A Flexible Stash For Your Swig

HydraPak Stash 750 flexible water bottle review

Water-carrying vessels have followed a simple formula since the beginning of civilization: A watertight apparatus plus a cap to secure and provide access to the oft-precious content within. 

Well, I am not here to lecture about the history of water bottles, nor am I writing a punchy “OMG this is the must have bottle of 2019” clickbait.

Chances are you already have a few favorites lying around, and let’s be real for a second here: Finding the right bottle isn’t all that difficult these days since everyone seems to be making a few of their own. There are 385 search results under “water bottle” at REI.com.

HydraPak Stash 750 flexible water bottle review

My current bottle situation consists of a glow in the dark Nalgene, an insulated Camelbak, a screw top Sigg bottle plus a stash of frequently replenished cycling-specific bottles. My latest addition, and the purpose of this rambling, is the $20 HydraPak Stash 750ml flexible water bottle. 

HydraPak Stash 750 flexible water bottle review

Initially, I thought the idea of a flexible bottle was more of a novelty. Rigid bottles have served me and civilization well for years. So I wondered, is it going to be like putting water in a Ziploc bag?

It’s been three months since I started using it and though without it quirks, I am finding myself liking it for what it is. 

Upon arrival, the most obvious feature is its compact size. Measured at 2.6” inches tall, 3.6” in diameter and weighing 84-grams in its compressed setting, the Stash 750ml is about the size of two hockey pucks stacked on top of each other yet is some 50% lighter than its rigid compatriot.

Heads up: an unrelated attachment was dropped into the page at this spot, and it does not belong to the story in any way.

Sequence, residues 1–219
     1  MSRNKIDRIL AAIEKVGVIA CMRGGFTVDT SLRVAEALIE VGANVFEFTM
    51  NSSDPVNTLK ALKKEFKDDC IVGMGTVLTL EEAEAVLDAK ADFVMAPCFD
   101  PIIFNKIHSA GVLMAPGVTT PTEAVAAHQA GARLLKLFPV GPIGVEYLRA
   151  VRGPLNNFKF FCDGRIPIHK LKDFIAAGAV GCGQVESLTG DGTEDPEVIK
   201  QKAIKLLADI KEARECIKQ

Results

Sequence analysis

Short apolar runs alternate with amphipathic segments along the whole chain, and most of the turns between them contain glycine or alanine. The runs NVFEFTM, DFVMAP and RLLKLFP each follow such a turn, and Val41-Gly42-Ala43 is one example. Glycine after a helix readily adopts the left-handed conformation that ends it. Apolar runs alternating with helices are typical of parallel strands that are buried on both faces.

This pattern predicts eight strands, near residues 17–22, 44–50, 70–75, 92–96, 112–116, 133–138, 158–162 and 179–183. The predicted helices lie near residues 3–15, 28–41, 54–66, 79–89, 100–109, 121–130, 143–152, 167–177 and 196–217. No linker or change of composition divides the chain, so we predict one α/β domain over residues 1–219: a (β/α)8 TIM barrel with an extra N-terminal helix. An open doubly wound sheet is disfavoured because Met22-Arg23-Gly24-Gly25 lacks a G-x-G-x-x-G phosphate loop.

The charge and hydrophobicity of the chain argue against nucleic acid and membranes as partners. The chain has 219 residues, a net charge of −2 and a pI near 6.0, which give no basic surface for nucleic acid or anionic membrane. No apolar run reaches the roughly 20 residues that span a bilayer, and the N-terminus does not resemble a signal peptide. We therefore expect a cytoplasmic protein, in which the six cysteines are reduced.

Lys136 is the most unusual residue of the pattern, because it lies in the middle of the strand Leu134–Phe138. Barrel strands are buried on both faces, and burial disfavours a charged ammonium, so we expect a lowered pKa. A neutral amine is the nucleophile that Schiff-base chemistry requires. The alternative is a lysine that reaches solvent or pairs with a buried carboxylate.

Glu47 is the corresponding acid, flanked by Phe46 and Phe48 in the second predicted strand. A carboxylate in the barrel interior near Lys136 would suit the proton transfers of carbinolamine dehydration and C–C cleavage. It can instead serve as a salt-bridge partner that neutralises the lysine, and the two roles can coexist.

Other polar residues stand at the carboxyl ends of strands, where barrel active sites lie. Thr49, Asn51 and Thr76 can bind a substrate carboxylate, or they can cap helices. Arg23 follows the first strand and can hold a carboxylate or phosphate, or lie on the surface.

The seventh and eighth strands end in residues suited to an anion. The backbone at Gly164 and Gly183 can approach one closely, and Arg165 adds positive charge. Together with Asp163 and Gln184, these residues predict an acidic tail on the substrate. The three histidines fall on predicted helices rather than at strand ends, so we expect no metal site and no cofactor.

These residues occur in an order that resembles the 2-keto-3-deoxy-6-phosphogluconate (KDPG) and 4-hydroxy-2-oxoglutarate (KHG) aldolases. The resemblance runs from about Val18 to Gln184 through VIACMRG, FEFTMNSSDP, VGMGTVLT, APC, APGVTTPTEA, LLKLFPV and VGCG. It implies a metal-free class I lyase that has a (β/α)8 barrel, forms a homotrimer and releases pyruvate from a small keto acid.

HydraPak Stash 750 flexible water bottle review

To use, simply unscrew the 42mm cap and pull using the soft pull tab at the bottom of the rigid bottom. Instead of using the pull tab, I find it easier to just unscrew and push the bottom out from the inside – just make sure your hands are clean, though. Once the rigid bottom is released from the top cap assembly, the radio frequency-welded, PVC and BPA-free thermoplastic polyurethane body, imprinted with capacity marks, is liberated from its protective casing to hold fluids on demand. The bottle is approved to be frozen and contain hot fluids up to 140F.

Once filled, the bottle becomes semi-rigid within the TPU wall in such that it will stand fully-extended on its rigid bottom. I would advise strongly against holding anything but the hard top while operating. Putting the bottle inside a pouch/holder does take some time to get used to because you can’t just brute force it into submission given it soft sides. I also can’t seem find a cup holder that can fit the bottom cap. So for those few road trips, the bottle basically lived either on the passenger seat (during normal driving), or, for the most part, the front passenger floor during *spirited* driving. 

Forget about drinking out of one while driving, too. Yeah sure it’s entirely doable, but it’s also a giant pain in the ass.

HydraPak Stash 750 review

The space saving aspect, though, is unbeatable. I wish I had this when I flew to Asia for a work trip earlier this year as more room in my carry-on is always appreciated. I’ve gone on a few more flights, a couple of hikes with a backpack full of camera gear, kayaking in Channel Island and on a dune buggy trip that left my body all banged up, but I am happy to report that there were zero leaks, no unintentionally loose cap (could use a built-in tether) and that TPU body I was unsure about was in fact, durable with proper care (i.e. sharp objects). My Stash is by no means a direct replacement of a hard-sided bottle, but it is a godsend, a valuable tool, in instances where space and weight are at a premium. I am planning to also add the 1 liter version to my troupe of bottles, and you can say that I am infatuated with it.